In the field defensively, Mark Lundgren was named the team's “best glove” award winner with a 1.000 fielding percentage. Mark Hvezda was named the team’s most improved player while Matt Steidl was the batting champion and Close struck out the least with just 10 strikeouts on the year.
At the state tournament, Alexandria lost its opening-round game against Anoka 4-1 on June 14 and was eliminated from the tournament with a 2-1 loss to Luverne on June 15, 2022. Alexandria finished the season with a 13-7 overall record.
No matter the result at the state tournament, this Cardinals team had already established their legacy by making it there.
“They still talk about it to this day,” Rick’s wife, Jan, said.
“I'm amazed at all the athletes I know that are two to five years younger than us,” Close said. “They were these kids in like junior high, and they remember that day.”
Banke said it felt like what they had accomplished on June 5, 1972, was a big thing for the program.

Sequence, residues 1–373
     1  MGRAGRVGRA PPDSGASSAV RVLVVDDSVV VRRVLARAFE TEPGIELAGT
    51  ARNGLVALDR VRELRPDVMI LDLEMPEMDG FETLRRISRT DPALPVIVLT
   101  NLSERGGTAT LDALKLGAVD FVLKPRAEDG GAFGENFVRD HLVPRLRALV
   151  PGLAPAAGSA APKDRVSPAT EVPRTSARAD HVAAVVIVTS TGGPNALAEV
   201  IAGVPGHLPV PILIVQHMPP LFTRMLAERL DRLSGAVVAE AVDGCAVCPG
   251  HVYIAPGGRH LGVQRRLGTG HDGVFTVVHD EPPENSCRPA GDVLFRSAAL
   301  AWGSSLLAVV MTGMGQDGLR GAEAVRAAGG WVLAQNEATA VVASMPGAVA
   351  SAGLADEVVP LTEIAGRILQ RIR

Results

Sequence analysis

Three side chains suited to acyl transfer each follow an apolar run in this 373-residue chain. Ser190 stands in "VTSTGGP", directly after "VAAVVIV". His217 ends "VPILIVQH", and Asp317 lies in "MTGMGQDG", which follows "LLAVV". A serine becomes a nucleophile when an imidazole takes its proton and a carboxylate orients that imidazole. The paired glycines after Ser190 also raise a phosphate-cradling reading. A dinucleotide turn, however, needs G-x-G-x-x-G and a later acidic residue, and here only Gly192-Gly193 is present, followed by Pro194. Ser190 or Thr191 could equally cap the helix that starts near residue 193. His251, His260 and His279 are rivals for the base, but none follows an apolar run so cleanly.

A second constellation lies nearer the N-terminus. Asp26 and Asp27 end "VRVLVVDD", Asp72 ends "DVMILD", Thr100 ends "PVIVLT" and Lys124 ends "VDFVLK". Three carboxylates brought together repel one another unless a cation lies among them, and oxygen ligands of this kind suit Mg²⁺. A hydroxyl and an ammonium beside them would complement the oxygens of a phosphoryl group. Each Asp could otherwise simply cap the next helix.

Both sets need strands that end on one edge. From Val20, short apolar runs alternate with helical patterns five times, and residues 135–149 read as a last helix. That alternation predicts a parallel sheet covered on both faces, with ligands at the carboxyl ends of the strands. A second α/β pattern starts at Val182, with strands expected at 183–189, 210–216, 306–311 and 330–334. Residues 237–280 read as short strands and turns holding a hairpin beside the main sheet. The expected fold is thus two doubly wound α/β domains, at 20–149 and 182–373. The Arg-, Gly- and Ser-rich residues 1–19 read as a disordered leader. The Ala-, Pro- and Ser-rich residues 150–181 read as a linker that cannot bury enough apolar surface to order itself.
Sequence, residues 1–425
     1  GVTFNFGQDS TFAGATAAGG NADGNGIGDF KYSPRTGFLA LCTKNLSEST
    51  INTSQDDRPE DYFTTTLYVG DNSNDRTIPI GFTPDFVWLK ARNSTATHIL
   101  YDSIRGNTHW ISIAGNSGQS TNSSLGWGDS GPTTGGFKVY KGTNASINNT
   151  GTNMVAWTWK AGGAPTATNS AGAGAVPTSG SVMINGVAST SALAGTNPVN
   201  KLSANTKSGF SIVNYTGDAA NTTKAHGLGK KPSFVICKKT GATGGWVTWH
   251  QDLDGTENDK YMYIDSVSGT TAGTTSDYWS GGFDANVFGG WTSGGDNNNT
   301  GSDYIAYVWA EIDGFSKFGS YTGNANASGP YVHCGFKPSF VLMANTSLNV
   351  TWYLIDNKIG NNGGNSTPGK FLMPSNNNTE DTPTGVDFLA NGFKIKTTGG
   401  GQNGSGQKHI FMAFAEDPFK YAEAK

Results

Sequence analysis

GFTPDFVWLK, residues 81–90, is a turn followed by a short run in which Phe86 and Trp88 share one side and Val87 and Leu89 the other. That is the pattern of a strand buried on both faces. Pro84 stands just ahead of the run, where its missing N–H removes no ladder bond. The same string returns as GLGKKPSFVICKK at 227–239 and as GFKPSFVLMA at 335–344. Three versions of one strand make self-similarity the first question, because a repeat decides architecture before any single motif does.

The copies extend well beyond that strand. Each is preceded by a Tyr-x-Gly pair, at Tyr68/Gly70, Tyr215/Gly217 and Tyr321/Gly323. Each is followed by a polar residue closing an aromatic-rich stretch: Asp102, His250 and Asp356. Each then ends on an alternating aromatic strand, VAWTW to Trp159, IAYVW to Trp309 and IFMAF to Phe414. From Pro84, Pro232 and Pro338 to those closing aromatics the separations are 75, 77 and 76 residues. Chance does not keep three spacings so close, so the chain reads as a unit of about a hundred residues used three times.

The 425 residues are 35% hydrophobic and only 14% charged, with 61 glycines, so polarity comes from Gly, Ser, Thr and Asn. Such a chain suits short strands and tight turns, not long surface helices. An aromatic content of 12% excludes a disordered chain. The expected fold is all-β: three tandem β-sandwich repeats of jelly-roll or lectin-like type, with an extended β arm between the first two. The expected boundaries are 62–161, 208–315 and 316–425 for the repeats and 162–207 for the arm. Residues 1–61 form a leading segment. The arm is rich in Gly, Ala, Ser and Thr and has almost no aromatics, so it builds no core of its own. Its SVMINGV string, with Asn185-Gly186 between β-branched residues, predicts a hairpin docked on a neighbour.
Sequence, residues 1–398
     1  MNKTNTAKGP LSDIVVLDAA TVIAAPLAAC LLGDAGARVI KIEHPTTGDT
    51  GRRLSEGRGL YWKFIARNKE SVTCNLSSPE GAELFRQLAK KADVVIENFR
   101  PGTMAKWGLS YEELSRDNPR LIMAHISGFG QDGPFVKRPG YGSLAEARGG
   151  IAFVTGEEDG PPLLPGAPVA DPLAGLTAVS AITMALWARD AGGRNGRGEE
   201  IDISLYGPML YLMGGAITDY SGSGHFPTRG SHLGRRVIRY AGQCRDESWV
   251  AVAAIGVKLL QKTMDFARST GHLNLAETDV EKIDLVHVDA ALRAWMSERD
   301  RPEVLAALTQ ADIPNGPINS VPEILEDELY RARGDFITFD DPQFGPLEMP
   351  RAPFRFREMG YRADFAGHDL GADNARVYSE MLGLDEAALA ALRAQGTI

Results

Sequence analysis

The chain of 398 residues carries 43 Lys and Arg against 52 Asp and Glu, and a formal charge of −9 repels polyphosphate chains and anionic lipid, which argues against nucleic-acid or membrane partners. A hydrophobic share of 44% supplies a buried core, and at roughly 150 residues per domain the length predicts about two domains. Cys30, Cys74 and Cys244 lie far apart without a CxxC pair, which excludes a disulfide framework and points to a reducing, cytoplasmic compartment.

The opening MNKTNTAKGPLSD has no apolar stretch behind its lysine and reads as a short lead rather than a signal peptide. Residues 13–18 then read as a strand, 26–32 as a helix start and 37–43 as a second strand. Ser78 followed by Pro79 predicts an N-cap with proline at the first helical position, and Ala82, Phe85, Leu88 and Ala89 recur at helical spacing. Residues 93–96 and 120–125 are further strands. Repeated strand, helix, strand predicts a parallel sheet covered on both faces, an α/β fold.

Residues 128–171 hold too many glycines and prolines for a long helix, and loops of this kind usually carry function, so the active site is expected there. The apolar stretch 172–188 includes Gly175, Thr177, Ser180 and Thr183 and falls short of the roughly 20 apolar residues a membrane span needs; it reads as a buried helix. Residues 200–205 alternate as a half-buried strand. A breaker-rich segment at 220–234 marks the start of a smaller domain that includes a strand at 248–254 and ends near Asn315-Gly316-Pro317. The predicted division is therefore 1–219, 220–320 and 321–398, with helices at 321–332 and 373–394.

“The fact that it was the first-ever, the fact that we went to the state when we probably weren't expected to and then the fact that you know some crazy guy threw 14 innings, you throw it all together, it was a pretty big deal,” Banke said.
Banke said to this day, he’ll hear people bring up the 1972 team whenever the Alexandria program is a contender to make it to the state tournament, like this year when the team had its best-ever finish at state by taking third place in the Class 3A tournament.
50 years removed from their state tournament appearance, Banke and Close both have scrapbooks of their high school days that commemorate what that team accomplished.